Kt814 calls Lynch’s home the SoFa house, which is short for “south-facing.” All of the bedrooms, the kitchen, and the dining/living room have access to southern light. “I wanted as much natural light as possible,” says Lynch, who, in the summer, hangs out in a hammock on the private, south-facing deck off the master bedroom. To do this, Gray and Assenberg broke the home into three masses: the living/dining space; the kitchen (ground level)/master bedroom (upstairs); and the boys’ bedrooms. “They nailed it,” Lynch says of the design.

Sitting at the kitchen table she envisioned, with Spot and Shiny the goldfish swimming around their tank in a corner of the kitchen counter, Lynch explains the garland of fish and birds hanging above the sink. “A good girlfriend made that for us,” she says. “For a good year, every night at dinner we would go around and talk about what we were grateful for.” Lynch would write what she and her sons said on a fish or bird shape, and add it to the garland. The garland is now dense with fish and birds. “This house is a material thing and it doesn’t matter, but it’s a nice home—a place of safety and shelter. I’m beyond grateful for it.”

The siding is Douglas fir sourced from Idaho and prestained “to make it look like barnwood,” Lynch says. “We were looking at using old snow fence, and it was superexpensive. This was reasonably priced, though.”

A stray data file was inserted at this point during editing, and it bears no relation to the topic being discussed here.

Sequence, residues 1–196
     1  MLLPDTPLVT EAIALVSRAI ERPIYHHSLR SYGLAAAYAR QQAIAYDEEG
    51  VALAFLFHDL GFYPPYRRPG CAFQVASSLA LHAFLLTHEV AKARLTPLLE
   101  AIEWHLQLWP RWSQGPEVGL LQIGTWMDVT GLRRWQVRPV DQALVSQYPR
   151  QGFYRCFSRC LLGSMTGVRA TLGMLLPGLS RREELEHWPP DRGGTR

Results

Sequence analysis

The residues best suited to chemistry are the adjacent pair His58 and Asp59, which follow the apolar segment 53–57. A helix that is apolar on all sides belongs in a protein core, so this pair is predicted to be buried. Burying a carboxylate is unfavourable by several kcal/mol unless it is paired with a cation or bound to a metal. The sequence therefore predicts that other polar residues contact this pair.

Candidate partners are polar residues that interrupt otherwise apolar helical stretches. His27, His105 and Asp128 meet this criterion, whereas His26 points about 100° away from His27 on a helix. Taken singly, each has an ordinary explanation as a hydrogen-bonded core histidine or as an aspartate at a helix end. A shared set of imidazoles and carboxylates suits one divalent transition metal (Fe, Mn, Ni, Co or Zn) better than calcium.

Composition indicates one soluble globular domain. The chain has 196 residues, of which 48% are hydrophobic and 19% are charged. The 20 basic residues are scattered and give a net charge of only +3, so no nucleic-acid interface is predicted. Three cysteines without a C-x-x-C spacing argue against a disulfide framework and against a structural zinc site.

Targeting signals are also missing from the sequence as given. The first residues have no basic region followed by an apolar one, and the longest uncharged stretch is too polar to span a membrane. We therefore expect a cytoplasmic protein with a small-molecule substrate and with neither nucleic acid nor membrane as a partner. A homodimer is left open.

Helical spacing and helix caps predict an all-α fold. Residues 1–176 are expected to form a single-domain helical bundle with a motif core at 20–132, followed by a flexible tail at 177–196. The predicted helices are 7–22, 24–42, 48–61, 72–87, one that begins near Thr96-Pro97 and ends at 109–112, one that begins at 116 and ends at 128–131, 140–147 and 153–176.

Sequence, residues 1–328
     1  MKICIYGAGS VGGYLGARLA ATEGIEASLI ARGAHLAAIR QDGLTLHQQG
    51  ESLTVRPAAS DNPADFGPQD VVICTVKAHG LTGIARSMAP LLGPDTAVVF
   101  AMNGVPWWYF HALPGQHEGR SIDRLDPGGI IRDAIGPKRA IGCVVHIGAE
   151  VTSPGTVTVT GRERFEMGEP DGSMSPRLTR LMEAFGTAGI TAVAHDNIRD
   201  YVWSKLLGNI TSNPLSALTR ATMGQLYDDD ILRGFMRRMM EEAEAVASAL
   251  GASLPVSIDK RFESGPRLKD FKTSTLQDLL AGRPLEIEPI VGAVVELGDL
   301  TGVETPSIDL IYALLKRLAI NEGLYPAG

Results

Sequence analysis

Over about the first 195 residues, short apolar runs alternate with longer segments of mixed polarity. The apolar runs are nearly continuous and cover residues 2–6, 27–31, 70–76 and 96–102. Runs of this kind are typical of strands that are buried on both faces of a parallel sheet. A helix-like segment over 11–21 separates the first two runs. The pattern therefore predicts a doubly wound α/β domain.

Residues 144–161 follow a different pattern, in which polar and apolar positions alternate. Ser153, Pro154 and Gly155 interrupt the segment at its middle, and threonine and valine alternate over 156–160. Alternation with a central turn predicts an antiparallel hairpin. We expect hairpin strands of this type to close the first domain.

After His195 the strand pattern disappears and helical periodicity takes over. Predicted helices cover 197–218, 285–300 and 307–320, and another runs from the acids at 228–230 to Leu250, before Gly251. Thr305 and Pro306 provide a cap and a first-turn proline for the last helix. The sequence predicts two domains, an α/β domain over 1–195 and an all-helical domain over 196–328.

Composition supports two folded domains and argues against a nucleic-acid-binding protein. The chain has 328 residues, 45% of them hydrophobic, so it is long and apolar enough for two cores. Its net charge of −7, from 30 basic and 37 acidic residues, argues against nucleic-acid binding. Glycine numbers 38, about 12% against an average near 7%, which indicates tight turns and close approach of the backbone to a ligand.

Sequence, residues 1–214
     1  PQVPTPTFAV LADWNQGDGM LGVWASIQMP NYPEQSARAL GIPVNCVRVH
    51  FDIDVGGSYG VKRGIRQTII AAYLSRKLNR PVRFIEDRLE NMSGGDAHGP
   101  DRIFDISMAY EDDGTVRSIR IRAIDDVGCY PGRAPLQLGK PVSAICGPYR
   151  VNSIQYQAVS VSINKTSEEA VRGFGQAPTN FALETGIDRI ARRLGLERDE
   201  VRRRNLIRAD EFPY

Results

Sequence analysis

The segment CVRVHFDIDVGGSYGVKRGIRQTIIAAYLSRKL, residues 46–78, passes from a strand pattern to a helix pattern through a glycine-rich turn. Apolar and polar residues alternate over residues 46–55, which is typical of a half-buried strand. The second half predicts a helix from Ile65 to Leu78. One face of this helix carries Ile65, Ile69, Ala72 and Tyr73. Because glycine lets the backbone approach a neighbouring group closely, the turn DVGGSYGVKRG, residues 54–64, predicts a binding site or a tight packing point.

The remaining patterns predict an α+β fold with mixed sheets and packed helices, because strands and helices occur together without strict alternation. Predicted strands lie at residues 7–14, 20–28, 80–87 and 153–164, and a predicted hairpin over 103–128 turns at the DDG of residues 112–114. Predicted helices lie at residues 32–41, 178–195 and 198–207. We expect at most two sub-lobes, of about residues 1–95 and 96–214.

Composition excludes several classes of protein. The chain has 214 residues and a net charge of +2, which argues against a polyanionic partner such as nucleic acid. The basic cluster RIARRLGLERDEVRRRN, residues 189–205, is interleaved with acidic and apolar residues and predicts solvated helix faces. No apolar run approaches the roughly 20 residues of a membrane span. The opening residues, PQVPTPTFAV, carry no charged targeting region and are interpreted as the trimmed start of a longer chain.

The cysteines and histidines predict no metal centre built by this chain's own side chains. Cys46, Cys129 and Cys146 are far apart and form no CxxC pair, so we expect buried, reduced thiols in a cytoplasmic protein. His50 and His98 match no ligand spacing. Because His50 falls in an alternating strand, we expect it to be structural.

“So much of the design was driven by natural light,” Lynch says. Opposite the kitchen is a nineteen-foot lift-and-slide door that allows for inside/outside living in the summer.
Two of Lynch’s three sons play on the dining room table in the main living space, where the floors are ash and cabinets are hemlock. “We wanted it to be light,” Lynch says. “I wanted ash or maple. I think [architect] Rich [Assenberg] was worried maple would look too orange.”
The bedrooms for Lynch’s three sons are “more like sleeping pods than bedrooms,” she says. Each pod is similar in size and shape, and opens into a common space where each boy has his own closet and there’s plenty of room to play. “I don’t know what to call it—the locker room?” Lynch says. “They spend a lot of time playing there. They’re Lego maniacs.”
In summer, one of Lynch’s favorite spots in the house is this hammock on the deck off the master bedroom. “It was a present from a girlfriend,” she says. “We went to Belize last fall to go fishing, and they had hammocks there that I loved. She got me one and gave it to me as a gift last Christmas.”
The boys’ rooms look out on a green roof you can also see from the ground-level patio off the kitchen.